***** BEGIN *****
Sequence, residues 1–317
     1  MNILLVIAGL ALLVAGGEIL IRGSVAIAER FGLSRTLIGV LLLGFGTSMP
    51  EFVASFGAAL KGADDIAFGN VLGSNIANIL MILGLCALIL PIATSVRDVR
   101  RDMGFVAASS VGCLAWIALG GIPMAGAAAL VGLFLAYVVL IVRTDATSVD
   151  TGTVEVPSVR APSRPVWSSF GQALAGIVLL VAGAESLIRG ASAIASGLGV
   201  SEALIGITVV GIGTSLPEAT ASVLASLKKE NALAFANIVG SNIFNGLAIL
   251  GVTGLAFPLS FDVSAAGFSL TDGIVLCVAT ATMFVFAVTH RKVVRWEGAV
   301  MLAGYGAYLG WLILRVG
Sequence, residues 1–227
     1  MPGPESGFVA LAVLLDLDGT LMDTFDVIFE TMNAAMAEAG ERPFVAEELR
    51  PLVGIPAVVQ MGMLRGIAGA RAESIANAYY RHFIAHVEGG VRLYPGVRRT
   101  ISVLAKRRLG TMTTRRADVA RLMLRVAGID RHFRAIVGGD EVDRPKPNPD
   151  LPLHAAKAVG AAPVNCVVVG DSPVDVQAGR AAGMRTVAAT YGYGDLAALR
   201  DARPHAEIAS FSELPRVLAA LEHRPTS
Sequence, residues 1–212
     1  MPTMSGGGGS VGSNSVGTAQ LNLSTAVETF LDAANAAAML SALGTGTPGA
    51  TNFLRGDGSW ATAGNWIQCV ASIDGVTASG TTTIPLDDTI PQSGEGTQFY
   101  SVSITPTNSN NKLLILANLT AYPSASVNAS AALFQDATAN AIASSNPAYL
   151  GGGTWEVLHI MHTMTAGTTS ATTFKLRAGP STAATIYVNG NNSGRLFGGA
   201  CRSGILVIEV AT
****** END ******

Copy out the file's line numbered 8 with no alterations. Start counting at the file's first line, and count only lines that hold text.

   301  MLAGYGAYLG WLILRVG